South Korean president calls for stronger military

Lee says country needs to bolster army to cope with threats from abroad, amidst rising tension with North Korea.

Lee Myung-bak 88 (photo credit: AP)
Lee Myung-bak 88
(photo credit: AP)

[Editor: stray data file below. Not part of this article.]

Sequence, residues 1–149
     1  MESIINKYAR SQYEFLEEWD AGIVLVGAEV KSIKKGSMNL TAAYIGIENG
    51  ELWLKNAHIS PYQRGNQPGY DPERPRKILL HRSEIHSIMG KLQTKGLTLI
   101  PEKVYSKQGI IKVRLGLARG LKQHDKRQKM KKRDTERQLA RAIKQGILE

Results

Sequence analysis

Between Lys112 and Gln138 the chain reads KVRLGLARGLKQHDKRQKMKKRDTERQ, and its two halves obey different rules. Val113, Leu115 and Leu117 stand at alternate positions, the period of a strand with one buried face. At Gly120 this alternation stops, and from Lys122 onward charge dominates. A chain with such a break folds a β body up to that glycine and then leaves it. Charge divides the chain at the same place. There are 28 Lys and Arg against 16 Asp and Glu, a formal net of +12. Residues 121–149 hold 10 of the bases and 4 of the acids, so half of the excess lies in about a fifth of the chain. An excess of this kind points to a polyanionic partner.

South Korean President Lee Myung-bak said Friday his country needs a stronger military to cope with threats from abroad, amid rising tension with its nuclear-armed neighbor, North Korea. "Only a strong military can deter outside aggression and protect the lives and safety of the people," Lee said in a message to navy personnel, according to the presidential Blue House. "Only a strong military can create a rich and powerful country and contribute to world peace and prosperity." Lee also said South Korea should bolster its naval power to "immediately repel" any threat and possible terrorist strike that could take place in South Korean waters. The message was delivered to sailors who returned home following their recent participation in multilateral naval training off Hawaii. Though Lee did not mention North Korea by name, his comments followed the communist country's sharp criticism this week over annual military drills conducted by South Korea and the United States. North Korea threatened to strengthen its "war deterrent" - a euphemism for its nuclear programs - calling the training a rehearsal to attack the communist country, a claim Seoul and Washington have consistently denied. On Thursday, Lee visited and inspected two underground bunkers south of Seoul where top South Korean and US military officers were commanding the annual computer-simulated training, called Ulchi Freedom Guardian. "There should not be a war again in this country," Lee said in one of the bunkers, according to a separate Blue House statement. "But if war breaks out, (South Korea and the US) should always have a readiness to end it by that night." North Korea suspended key government-level talks with South Korea after the conservative Lee assumed office in February on a pledge to take a tougher line with Pyongyang than his liberal predecessor, who favored dialogue and economic cooperation. Tensions spiked further after a North Korean soldier shot dead a South Korean tourist at a mountain resort last month, after she allegedly entered a restricted military area and ignored warnings to stop.